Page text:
If we want a Christmas pageant that carries the truth of this scene, then let’s maybe give those haloed little angels battle axes to carry as they sing “Glory to God.” No, this isn’t ultimately a tale of violent revolution. And later on, Luke clearly presents Jesus as choosing nonviolent resistance. But in this opening scene, he’s being overtly clear in proclaiming that this child will challenge the very foundation of Caesar’s realm. And, nonviolent though the challenge will be, the armies of Heaven will have his back—and ours. And a handful of cute but well-armed cherubs might help us remember that.

Luke concludes his tale with the shepherds—those most marginal of men—becoming the first evangelists, bearing to everyone they meet the glad tidings of a tiny peasant-born challenge to Caesar himself. Mary, meanwhile, ponders everything—holds it prayerfully—in her heart. I like to imagine Luke thinking about the reaction to his Christmas pageant. Some folks will no doubt be eager to animatedly share what they’ve heard. Others will want to let it percolate a bit.

Either response is fine. So long as Elizabeth’s acclamation has been shouted, Mary’s Magnificat has been sung, and the glad tidings of a God-child born to remake the world have been delivered to the edge—well, that’s a start. Time to sing Joy to the World. And mean it.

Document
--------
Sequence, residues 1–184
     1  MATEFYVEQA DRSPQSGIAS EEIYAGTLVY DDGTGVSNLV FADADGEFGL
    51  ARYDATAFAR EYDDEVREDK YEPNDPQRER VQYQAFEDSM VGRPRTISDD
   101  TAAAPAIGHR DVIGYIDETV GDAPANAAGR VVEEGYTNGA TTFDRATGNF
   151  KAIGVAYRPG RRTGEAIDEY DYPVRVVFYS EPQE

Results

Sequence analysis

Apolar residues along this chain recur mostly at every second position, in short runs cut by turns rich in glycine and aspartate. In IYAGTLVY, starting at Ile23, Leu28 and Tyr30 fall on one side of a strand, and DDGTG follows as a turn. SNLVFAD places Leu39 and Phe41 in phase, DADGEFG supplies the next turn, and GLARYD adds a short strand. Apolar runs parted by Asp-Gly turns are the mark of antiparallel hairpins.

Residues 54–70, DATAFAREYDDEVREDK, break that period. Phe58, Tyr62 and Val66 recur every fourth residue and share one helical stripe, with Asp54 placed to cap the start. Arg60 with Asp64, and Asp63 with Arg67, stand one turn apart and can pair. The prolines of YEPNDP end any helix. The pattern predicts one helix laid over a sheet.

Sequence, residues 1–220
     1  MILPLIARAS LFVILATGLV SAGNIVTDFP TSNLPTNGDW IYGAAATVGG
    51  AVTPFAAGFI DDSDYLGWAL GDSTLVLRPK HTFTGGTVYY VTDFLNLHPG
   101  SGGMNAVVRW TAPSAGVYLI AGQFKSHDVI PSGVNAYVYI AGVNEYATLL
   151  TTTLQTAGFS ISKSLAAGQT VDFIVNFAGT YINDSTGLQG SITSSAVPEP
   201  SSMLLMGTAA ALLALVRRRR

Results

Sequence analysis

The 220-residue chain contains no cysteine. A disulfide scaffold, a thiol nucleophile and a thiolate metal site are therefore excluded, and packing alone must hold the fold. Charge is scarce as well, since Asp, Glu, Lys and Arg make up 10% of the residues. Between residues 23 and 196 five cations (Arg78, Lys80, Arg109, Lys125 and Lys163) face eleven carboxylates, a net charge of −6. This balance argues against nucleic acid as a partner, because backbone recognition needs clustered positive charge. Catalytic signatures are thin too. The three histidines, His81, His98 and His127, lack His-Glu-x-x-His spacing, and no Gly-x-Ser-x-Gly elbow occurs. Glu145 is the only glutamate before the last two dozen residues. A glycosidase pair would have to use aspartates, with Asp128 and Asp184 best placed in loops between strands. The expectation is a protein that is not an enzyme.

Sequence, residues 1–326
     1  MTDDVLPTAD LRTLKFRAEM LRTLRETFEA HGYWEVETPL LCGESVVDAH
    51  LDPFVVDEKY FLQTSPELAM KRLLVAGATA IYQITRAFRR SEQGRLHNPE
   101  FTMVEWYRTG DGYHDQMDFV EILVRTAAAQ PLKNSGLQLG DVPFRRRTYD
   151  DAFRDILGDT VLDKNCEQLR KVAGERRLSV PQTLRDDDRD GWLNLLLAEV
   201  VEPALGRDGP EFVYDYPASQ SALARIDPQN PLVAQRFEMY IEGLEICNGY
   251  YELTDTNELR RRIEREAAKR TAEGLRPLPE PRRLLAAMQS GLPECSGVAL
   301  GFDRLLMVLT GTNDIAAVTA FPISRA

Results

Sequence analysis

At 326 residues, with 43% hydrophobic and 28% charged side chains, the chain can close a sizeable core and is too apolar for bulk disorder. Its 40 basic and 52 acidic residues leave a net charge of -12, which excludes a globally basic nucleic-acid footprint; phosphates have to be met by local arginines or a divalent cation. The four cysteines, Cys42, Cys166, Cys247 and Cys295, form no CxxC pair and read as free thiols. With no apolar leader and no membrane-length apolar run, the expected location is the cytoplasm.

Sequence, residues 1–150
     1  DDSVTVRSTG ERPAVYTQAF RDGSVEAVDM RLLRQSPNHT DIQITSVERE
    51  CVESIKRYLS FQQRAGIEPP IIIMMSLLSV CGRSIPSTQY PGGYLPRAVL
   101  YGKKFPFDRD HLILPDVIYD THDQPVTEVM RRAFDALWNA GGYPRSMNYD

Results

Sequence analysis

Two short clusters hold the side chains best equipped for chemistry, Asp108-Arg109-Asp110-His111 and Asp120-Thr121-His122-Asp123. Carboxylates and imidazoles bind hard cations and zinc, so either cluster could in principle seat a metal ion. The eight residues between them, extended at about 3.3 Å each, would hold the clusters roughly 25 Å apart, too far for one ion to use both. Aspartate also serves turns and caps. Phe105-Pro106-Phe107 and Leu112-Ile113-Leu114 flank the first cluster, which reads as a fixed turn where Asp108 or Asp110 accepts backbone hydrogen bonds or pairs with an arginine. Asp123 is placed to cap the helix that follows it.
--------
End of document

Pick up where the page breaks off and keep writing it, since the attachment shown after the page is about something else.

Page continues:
NOTE: After the list of sources, see my brief follow-up reflections, “Beyond Christmas Pageant Pandemonium: What Now? A Little Q & A.

SOURCES – I’ve chosen not to footnote this essay to keep it easier to read. However, for most of you (as for me initially!) this is new stuff. Here’s a brief annotated bibliography that tells you where my information came from.

Bailey, Kenneth, “The Manger and the Inn: The Cultural Background of Luke 2:7,” Theological Review of the Near East School of Theology, 2:2 (11/1979), 33-44, accessed November 24, 2020, Associates for Biblical Research,

ABR describes itself as “A Christian Apologetics Ministry Dedicated to Demonstrating the Historical Reliability of the Bible through Archaeological and Biblical Research.” My focus is a little different. Nonetheless, this article, even while presuming the historicity of Luke’s account, was very helpful in my work to understand the manger and the inn.

Borg, Marcus: The Meaning of Jesus: Two Visions, HarperSanFrancisco, 1999, “The Meaning of the Birth Stories,” 179-186.